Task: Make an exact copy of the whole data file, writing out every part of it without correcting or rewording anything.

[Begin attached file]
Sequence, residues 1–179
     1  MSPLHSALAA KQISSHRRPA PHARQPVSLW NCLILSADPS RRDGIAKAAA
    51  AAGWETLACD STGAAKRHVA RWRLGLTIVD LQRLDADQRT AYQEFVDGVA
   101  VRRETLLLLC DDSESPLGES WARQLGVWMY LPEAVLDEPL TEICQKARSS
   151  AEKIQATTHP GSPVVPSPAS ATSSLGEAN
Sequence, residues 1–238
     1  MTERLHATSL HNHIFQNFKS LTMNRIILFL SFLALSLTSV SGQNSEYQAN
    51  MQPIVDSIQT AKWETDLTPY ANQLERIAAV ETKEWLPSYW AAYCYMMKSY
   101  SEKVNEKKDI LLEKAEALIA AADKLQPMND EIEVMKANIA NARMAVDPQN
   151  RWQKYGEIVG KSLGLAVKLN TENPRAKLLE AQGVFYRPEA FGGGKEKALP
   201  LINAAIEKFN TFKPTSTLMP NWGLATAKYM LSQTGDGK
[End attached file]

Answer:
Sequence, residues 1–179
     1  MSPLHSALAA KQISSHRRPA PHARQPVSLW NCLILSADPS RRDGIAKAAA
    51  AAGWETLACD STGAAKRHVA RWRLGLTIVD LQRLDADQRT AYQEFVDGVA
   101  VRRETLLLLC DDSESPLGES WARQLGVWMY LPEAVLDEPL TEICQKARSS
   151  AEKIQATTHP GSPVVPSPAS ATSSLGEAN
Sequence, residues 1–238
     1  MTERLHATSL HNHIFQNFKS LTMNRIILFL SFLALSLTSV SGQNSEYQAN
    51  MQPIVDSIQT AKWETDLTPY ANQLERIAAV ETKEWLPSYW AAYCYMMKSY
   101  SEKVNEKKDI LLEKAEALIA AADKLQPMND EIEVMKANIA NARMAVDPQN
   151  RWQKYGEIVG KSLGLAVKLN TENPRAKLLE AQGVFYRPEA FGGGKEKALP
   201  LINAAIEKFN TFKPTSTLMP NWGLATAKYM LSQTGDGK